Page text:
How to monitor the performance of a SQL Server and the impact of fragmentation

Ian Hannah 21 Reputation points
2021-07-09T15:52:36.923+00:00

This is the scenario that we have:

a) SQL Server 2012 has been allocated 16GB of RAM.
b) We have two databases. The total page count is approx. 400,000 across both databases so should be around 3.2GB which should easily be able to be cached in memory.
c) The databases are heavily updated i.e. rows are frequently being inserted, updated and removed.
d) After a relatively short period of time quite a few of the indexes are heavily fragmented. My understanding is that if the indexes are in memory then this should not be an issue. The PK of the tables is an integer - there is a GUID column in one of the tables but there is no index on this.
e) On a customer system performance was becoming an issue. The databases indexes were all rebuilt and the system ran fine again. After a relatively short period of time quite a few on the indexes were heavily fragmented again but the system was running well and continues to run well.

I am trying to understand why fragmented appeared to cause an issue but no longer does. What metrics could I monitor to know if the database is not performing well - fragmentation does not seem to be enough on its own.

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  1. Tom Phillips 17,716 Reputation points
    2021-07-09T19:58:06.733+00:00

    Rebuilding the indexes clears the plan cache for everything using those indexes. Most likely you have a bad plan due to parameter sniffing causing the performance issue.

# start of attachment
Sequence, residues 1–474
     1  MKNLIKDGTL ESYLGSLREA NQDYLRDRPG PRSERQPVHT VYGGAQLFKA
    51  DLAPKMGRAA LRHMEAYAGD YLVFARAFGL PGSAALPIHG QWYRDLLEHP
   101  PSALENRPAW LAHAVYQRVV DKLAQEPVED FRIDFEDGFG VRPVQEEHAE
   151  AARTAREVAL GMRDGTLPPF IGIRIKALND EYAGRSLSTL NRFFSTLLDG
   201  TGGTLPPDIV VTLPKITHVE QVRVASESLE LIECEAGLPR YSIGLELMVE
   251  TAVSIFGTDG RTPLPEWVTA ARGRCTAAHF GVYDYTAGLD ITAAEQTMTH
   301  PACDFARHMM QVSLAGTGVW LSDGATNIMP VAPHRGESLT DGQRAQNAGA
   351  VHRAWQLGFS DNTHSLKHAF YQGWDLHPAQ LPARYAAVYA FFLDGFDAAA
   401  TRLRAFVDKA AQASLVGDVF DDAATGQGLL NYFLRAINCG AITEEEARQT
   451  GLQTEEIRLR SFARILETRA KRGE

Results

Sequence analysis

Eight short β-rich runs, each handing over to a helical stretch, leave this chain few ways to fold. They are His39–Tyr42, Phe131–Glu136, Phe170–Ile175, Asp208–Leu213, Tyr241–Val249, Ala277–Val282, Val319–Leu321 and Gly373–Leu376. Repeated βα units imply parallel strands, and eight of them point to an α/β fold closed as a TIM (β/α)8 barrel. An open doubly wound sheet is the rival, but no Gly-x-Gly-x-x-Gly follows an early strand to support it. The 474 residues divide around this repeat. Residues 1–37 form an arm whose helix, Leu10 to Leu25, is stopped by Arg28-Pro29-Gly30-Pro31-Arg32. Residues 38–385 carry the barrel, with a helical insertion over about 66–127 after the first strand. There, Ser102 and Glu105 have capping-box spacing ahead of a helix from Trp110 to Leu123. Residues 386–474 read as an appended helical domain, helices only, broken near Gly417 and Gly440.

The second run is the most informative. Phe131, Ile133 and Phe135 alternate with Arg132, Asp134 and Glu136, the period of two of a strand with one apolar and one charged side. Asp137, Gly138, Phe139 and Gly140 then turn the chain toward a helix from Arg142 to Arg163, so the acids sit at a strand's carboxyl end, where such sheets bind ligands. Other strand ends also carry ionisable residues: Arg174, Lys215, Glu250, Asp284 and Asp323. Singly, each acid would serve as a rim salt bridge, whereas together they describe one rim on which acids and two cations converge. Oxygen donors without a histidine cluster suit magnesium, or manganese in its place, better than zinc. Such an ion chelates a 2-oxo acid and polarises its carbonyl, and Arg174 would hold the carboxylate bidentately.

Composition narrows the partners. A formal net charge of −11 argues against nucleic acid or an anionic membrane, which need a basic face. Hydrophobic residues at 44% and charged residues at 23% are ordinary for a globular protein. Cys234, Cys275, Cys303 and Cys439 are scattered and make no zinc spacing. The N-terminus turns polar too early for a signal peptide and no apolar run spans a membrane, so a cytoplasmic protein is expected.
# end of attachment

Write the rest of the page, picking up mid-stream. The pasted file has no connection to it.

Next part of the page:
https://www.brentozar.com/archive/2013/06/the-elephant-and-the-mouse-or-parameter-sniffing-in-sql-server/#:~:text=Something%20Smells%20Funny,to%20create%20an%20execution%20plan.

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  2. CathyJi-MSFT 21,081 Reputation points Microsoft Vendor
    2021-07-12T07:42:45.06+00:00

    Hi @Ian Hannah ,

    Microsoft recommends that customers consider and adopt the following index maintenance strategy:

    • Do not assume that index maintenance will always noticeably improve your workload.
    • Measure the specific impact of reorganizing or rebuilding indexes on query performance in your workload. Query Store is a good way to measure the "before maintenance" and "after maintenance" performance using the A/B testing technique.
    • If you observe that rebuilding indexes improves performance, try replacing it with updating statistics. This may result in a similar improvement. In that case, you may not need to rebuild indexes as frequently, or at all, and instead can perform periodic statistics updates. For some statistics, you may need to increase the sampling ratio using the WITH SAMPLE ... PERCENT or WITH FULLSCAN clauses (this is not common).
    • Monitor index fragmentation and page density over time to see if there is a correlation between these values trending up or down, and query performance. If higher fragmentation or lower page density degrade performance unacceptably, reorganize or rebuild indexes. It is often sufficient to only reorganize or rebuild specific indexes used by queries with degraded performance. This avoids a higher resource cost of maintaining every index in the database.
    • Establishing a correlation between fragmentation/page density and performance also lets you determine the frequency of index maintenance. Do not assume that maintenance must be performed on a fixed schedule. A better strategy is to monitor fragmentation and page density, and run index maintenance as needed before performance degrades unacceptably.
    • If you have determined that index maintenance is needed and its resource cost is acceptable, perform maintenance during low resource usage times, if any, keeping in mind that resource usage patterns may change over time.

    Refer to the MS document Optimize index maintenance to improve query performance and reduce resource consumption.


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